• 6. For the reading habits of French prisoners of war elsewhere in Britain see also Mark Towsey, ‘Imprisoned Reading: French Prisoners of War at the Selkirk Subscription Library, 1811-1814’, in Erica Charters, Eve Rosenhaft, & Hannah Smith (eds.) Civilians and War in Europe 1618–1815 (Liverpool: Liverpool University Press, 2012), p. 241-261.
  • 7. Hampshire Records Office, 94M72/F654/12.
  • 8. Hampshire Records Office, 94M72/F654/6.

Financial generosity

The Bonhams also provided financial assistance to a few individuals within Petersfield’s community of paroled prisoners of war. Many of the letters ask for loans of money or hint at financial troubles. One individual, ‘F. Beaudin’, wrote asking for half a guinea and promised to pay back the money either from his parole allowance or by working for the Bonhams.  Beaudin went on to explain that he was not used to surviving on the small amount of money that constituted his parole allowance, although by his own admission his parents were also sending him money from France.9

  • 9. Hampshire Records Office, 94M72/F654/2.

Another prisoner named Du Roche asked for two or three guineas for himself and his son promising to repay the money as soon as he was back in France. Although there is no record of whether any of the money was repaid another prisoner enclosed a ‘lettre de change’ to his written request for ‘a gesture in this embarrassing situation’.10

  • 10. Hampshire Records Office, 94M72/F654/9.

The generosity provided by Henry and his brother made an impression on some amongst the community of prisoners, inspiring at least one of them to help others, or so they wrote. Paroled prisoner Dozouville wrote in a second letter to the Bonhams that he had been helping two other paroled prisoners who were struggling to pay for food and lodgings, adding that he was trying to copy Henry’s example and walk in his footsteps. Henry’s generosity had already, Dozouville wrote, relieved many from amongst the Petersfield community of prisoners of war.11

 

  • 11. Hampshire Records Office, 94M72/F654/4.

Cross channel and diplomatic connections

Contact between the Bonhams and the prisoners of war continued after some were released. Several letters were sent to the Bonhams from France including a letter from a Captain Bedoul in Paris who thanked Henry for all his kindness. Another letter, from a G. Massey in Le Havre, included greetings from his wife and young daughter as well as another former Petersfield prisoner. Massey ended his letter by writing that ‘[…] it will give me infinite pleasure to hear from you occasionally’.12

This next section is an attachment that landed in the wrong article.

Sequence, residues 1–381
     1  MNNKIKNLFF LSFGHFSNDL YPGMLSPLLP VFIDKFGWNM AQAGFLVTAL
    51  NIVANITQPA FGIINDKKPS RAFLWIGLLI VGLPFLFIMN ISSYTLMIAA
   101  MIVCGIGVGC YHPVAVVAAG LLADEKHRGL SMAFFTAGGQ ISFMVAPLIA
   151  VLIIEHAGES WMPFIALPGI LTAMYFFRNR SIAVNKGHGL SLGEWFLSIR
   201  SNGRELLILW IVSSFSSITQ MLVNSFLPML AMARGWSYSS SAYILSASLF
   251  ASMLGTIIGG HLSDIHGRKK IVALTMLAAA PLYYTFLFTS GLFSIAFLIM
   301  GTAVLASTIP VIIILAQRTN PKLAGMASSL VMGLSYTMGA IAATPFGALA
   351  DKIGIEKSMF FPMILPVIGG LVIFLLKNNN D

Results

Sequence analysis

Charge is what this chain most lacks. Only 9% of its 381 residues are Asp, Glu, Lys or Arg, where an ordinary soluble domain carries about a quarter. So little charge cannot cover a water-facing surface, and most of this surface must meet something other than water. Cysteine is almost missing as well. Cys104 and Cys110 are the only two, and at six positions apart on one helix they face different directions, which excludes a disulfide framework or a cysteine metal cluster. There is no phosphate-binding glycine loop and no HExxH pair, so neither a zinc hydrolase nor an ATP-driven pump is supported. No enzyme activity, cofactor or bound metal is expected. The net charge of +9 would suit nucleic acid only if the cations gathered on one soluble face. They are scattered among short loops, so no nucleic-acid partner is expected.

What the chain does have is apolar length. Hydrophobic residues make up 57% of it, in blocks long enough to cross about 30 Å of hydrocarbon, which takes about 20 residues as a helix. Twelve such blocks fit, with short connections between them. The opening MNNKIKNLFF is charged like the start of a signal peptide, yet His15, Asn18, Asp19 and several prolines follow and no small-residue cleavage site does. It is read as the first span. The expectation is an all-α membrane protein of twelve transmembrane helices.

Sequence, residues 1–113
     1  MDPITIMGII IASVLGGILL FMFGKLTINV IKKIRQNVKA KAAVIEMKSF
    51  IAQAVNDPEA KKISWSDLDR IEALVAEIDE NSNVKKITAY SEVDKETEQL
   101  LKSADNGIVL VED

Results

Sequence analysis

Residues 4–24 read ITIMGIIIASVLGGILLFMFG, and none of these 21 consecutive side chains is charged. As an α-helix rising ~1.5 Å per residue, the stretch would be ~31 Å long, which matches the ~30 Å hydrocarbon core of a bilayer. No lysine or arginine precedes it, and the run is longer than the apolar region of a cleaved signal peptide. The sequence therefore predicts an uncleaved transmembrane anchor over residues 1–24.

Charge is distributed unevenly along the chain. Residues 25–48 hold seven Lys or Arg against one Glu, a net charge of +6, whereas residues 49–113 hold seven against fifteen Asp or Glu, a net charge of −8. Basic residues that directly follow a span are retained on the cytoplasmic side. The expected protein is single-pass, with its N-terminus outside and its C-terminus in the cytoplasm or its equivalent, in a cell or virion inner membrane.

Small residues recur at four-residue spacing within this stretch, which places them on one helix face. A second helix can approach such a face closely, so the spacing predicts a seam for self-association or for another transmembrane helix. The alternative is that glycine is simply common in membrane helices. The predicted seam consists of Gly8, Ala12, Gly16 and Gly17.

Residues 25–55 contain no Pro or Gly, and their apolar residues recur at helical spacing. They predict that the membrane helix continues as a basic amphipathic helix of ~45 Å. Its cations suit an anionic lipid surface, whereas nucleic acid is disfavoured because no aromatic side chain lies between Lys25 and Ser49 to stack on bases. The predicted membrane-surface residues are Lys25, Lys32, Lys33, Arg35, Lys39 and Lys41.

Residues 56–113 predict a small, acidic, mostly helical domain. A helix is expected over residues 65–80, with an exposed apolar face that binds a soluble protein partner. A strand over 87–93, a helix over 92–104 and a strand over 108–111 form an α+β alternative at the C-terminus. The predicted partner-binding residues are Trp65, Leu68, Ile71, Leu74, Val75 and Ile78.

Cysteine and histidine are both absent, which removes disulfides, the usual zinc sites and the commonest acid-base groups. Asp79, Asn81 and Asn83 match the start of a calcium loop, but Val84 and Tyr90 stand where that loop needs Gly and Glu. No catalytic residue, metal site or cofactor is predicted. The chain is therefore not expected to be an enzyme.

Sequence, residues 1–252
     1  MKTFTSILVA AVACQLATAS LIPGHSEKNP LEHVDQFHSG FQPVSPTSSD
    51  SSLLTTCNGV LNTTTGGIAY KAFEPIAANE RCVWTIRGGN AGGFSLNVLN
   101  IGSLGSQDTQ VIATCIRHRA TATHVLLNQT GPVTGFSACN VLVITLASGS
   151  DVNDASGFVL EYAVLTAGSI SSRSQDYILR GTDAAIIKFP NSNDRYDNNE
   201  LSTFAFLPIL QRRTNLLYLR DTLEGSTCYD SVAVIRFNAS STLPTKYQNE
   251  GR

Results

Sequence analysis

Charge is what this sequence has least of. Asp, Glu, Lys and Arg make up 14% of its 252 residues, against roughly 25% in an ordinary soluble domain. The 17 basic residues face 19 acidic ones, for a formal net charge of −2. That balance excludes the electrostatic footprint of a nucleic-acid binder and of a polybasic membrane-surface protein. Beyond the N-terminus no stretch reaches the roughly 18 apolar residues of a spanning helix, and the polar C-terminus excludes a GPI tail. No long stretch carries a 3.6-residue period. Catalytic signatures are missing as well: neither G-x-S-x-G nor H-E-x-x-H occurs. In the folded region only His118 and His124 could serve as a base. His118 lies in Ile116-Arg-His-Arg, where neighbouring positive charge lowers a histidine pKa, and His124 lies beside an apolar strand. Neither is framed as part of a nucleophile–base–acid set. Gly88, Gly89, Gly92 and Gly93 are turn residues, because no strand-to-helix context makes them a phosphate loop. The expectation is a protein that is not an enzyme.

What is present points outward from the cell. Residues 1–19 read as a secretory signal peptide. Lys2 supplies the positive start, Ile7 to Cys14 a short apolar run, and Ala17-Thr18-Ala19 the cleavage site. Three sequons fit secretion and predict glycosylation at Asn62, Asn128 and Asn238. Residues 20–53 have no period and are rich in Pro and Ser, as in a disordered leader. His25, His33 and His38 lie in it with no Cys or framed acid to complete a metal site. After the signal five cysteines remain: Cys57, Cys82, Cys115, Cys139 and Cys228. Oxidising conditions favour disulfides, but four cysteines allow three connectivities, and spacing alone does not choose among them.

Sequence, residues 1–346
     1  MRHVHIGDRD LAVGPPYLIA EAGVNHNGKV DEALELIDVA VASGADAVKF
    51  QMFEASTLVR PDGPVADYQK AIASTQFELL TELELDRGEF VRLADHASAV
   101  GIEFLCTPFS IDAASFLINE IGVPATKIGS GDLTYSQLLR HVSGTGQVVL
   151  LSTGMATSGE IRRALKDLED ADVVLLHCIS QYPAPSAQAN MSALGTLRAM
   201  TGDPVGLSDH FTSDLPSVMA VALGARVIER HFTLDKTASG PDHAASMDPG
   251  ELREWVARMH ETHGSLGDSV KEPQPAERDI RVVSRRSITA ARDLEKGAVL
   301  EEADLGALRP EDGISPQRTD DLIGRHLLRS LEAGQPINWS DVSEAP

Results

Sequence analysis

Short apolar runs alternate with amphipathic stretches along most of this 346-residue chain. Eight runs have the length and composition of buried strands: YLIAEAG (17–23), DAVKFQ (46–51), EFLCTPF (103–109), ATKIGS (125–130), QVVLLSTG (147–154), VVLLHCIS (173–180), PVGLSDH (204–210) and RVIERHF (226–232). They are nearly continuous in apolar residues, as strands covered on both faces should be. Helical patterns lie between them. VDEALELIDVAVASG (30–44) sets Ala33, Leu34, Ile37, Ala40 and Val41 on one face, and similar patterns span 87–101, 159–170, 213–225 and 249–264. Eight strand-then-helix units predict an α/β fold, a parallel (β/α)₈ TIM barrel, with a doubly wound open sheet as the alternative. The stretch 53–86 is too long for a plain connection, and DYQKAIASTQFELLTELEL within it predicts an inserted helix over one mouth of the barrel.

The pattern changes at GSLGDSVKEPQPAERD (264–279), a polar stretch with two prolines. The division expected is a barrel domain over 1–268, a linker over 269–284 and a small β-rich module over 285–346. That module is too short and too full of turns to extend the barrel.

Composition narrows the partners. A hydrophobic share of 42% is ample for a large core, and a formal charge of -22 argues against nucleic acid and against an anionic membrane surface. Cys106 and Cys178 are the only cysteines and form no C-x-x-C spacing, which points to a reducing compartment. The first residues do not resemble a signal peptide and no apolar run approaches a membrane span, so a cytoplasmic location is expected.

• 12. Hampshire Records Office, 94M72/F654/7 & Hampshire Records Office 94M72/F654/17.

By supporting the French prisoners in Petersfield, the Bonhams also extended their sociable connections into French diplomatic circles including the French commissaire for prisoners of war, M. Charretié. In May 1797, Charretié wrote thanking Henry for all he had done to support the prisoners, reflecting that that ‘[…] your generous conduct in this occasion & many others, is such as to deserve all praise […]’.13

The letters from the Bonham collection are a reminder of the connections and sociabilities that could be created during wartime. Of course, the Bonham letters are from only a few prisoners from amongst a community of over 170 individuals and many other prisoners left no record of their time in the town. For the men who socialised with the Bonhams the parole town offered a civilised cosmopolitanism that eclipsed the military opposition between Britain and France. Other prisoners of war paroled in the town, particularly the servants of French officers, women, children and people of colour left no surviving written correspondence from which we can read about their lives as prisoners of war in the town. Those lives may always be obscured by others who were able to use their rank and priviledge to create sociable connections that left traces for us to find in the archives today. Despite the limitations of the archive, the Bonham family correspondence does allow us to see how sociability could on occasion transcend both geographical and wartime boundaries. Although, for some, the barriers of social status and rank were perhaps more difficult to overcome than war itself.

  • 13. Hampshire Records Office, 94M72/F654/15.
Cite this article
COPPINS Abigail, "Petersfield in Hampshire (and French prisoners of war in the 1790s)", The Digital Encyclopedia of British Sociability in the Long Eighteenth Century [online], ISSN 2803-2845, Accessed on 01/30/2023, URL: https://www.digitens.org/en/notices/petersfield-hampshire-and-french-prisoners-war-1790s.html

Further Reading

Abell, Francis, Prisoners of War in Britain 1756 to 1815: a record of their lives, their romance and their sufferings (London: Oxford University Press, 1914).

Chamberlain, Paul, Hell Upon Water: Prisoners of War in Britain 1793-1815 (Stroud: The History Press, 2008).

Crimmin, Patricia K., ‘Prisoners of war and British port communities, 1793–1815’, The Northern Mariner/Le marin du nord (n° 6, 1996), p. 17–27.

Daly, Gavin, ‘Napoleon’s lost legions: French prisoners of war in Britain, 1803–1814’, History, (n° 89, 2004), p. 361-80.

Morieux, Renaud, The Society of Prisoners: Anglo-French Wars and Incarceration in the Eighteenth Century (Oxford: Oxford University Press, 2019).

‘Prisoners of War at Portchester castle’, English Heritage, https://www.english-heritage.org.uk/visit/places/portchester-castle/history-and-stories/portchester-castle-and-prisoners-of-war/.

Schiepers, Sibylle (ed.), Prisoners in War (Oxford: Oxford University Press, 2010).

Online article :

Prisoners of War at Portchester Castle | English Heritage (english-heritage.org.uk)